Robotic process automation and business process management are highly complementary but they cannot serve as stand ins for each other’s technology. And yet, there are some RPA vendors on the market that will purport to handle BPM as well, said Ben Alexander, VP of Product at PMG. There may be some overlap in toolsets, he said, but not much. In short, as with any software application, a company needs to go through the vetting process for a BPM system very carefully. Rule No. 1: don't fall for BPM pretenders, especially as the "true" BPM products are very encompassing. Don't fall victim to tools or suites that just offer lightweight business process modeling capabilities.
Unfortunately there are a number of companies that are not as familiar with BPM technology — at least as familiar as they might be with a, say, sales force automation application — and may not be able to make this distinction. For instance, said Mark McGregor, SVP Strategy at Signavio, European companies have tended to invest in business process systems and modeling applications over the years while their US counterparts have not put the same emphasis on these applications, he said. Many US companies have indeed implemented faux or "lite" BPM applications — a state of affairs that has led to solutions being applied in a piecemeal or siloed manner, he said, which is hardly the best way to implement what is supposed to be an application that manages an end-to-end process.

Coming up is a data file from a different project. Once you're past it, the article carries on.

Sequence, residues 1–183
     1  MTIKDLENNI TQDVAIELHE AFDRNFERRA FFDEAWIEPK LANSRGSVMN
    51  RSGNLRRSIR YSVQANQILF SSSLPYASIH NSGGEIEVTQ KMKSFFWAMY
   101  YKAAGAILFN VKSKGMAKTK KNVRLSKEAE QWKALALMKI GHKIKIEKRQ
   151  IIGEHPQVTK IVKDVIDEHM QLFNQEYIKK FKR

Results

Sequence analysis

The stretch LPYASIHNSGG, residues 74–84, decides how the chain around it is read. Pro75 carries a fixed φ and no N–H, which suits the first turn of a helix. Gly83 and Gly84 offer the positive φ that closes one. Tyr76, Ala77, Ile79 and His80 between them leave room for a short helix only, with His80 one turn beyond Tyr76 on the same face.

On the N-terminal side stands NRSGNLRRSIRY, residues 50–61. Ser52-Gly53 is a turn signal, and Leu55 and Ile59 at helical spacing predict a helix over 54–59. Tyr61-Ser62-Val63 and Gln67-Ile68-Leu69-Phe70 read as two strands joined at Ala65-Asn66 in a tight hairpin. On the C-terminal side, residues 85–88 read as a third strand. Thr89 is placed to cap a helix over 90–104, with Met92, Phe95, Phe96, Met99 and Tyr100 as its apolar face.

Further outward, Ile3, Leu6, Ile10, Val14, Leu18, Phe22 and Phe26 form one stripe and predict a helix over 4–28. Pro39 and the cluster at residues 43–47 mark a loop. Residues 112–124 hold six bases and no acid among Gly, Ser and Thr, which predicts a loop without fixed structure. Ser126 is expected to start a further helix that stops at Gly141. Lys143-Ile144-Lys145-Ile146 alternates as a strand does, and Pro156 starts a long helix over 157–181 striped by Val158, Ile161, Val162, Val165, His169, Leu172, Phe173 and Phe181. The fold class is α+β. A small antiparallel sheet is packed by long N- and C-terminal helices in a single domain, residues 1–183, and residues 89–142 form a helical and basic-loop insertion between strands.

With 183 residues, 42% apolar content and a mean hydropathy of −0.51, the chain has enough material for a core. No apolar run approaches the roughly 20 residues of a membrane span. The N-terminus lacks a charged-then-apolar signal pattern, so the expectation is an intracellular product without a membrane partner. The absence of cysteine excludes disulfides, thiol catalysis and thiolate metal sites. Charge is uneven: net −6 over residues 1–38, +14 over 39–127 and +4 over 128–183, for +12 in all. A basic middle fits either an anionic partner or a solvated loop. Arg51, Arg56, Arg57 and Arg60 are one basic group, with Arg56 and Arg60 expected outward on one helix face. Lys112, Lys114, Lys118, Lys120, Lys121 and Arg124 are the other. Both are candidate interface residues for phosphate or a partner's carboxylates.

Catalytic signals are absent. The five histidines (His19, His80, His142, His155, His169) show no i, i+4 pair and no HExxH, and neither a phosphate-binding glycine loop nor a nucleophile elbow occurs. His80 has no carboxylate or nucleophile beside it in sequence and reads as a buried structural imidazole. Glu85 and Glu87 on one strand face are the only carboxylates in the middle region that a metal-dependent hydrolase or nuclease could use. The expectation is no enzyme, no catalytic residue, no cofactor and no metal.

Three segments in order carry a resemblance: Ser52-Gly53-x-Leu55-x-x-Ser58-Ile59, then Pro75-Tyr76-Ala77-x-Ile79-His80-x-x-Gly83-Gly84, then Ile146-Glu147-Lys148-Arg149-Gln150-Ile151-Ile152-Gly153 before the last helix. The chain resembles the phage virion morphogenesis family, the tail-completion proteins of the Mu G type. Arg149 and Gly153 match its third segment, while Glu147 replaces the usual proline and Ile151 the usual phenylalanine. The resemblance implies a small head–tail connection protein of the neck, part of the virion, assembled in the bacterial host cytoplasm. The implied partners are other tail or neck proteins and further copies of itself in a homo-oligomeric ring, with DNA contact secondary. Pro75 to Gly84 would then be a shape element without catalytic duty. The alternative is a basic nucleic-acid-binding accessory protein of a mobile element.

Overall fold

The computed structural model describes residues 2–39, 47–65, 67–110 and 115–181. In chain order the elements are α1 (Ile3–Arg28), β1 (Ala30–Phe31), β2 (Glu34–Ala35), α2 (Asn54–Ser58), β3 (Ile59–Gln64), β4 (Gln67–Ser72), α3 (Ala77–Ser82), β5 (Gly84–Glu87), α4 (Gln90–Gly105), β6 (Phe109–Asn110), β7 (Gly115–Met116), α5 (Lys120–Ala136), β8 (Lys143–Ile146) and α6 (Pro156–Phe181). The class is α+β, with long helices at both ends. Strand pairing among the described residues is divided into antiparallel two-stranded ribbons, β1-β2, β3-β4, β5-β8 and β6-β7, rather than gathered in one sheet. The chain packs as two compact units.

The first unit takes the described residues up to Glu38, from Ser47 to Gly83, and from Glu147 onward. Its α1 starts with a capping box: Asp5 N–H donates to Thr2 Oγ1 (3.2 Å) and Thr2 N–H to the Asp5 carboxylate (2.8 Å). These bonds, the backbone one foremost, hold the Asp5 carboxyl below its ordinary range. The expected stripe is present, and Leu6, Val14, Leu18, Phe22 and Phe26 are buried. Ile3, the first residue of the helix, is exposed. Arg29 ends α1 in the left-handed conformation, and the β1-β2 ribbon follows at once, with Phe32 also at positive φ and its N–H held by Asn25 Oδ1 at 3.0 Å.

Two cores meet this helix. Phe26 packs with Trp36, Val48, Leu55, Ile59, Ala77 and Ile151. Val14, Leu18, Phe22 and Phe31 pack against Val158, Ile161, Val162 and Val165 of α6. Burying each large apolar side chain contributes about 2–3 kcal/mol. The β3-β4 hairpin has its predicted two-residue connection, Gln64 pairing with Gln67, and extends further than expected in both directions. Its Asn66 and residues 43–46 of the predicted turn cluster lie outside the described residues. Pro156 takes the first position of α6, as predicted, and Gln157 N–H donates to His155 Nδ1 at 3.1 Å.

How to Start
Most BPM suites tend to have certain features in common — the components will focus on connectors to databases and systems, user interface design tools, the automation engine and rules engines, McGregor said.
They are also likely to include process monitoring and dashboards, which are centered around the automated processes that they run, he added. Also, he added, “one of the key messages for many BPM suites is the low-code or no-code paradigm.” One way to make sure you are buying a true BPM engine is to check for these features.
Customization and Integration Points
Beyond that Miguel Valdes Faura, CEO and co-founder of Bonitasoft said, a platform that is flexible enough to customize is also valuable, “An open, extensible platform with customizable APIs and extension points will allow integration with almost any third-party information system, which will mean it will be compatible with different sets of unique requirements,” he said.
A Great UI
Also, make sure that the application’s user interface builder is a good one, he continued — the best digital customer experience starts there. “A BPM that provides a mix of graphical tools, tooling, framework and customer coding to apply where appropriate” is what you are looking for, he said.
Find a Partner Not A Vendor
It is also important to consider your company culture and the culture of the vendor, Alexander said. “Do you see yourself liking to work with this company? Because if you going to implement a BPM system, you want a vendor with whom you can relate because you will be stuck with them for a very long time.” One interesting way he suggested determining this is to ask whether you will keep calling them a vendor, or will you ever feel like you can call them a partner. “For an application like BPM that entails a lot of back and forth with the vendor, a partner is what you really want at the end of the day.”